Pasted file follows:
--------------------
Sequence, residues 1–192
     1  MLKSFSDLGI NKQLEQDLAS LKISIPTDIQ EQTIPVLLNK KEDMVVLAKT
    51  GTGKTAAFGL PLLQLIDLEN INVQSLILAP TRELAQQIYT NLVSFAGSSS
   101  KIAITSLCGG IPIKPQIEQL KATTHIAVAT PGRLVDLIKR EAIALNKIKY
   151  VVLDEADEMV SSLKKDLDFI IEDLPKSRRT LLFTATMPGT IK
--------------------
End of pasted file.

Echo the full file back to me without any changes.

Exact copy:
Sequence, residues 1–192
     1  MLKSFSDLGI NKQLEQDLAS LKISIPTDIQ EQTIPVLLNK KEDMVVLAKT
    51  GTGKTAAFGL PLLQLIDLEN INVQSLILAP TRELAQQIYT NLVSFAGSSS
   101  KIAITSLCGG IPIKPQIEQL KATTHIAVAT PGRLVDLIKR EAIALNKIKY
   151  VVLDEADEMV SSLKKDLDFI IEDLPKSRRT LLFTATMPGT IK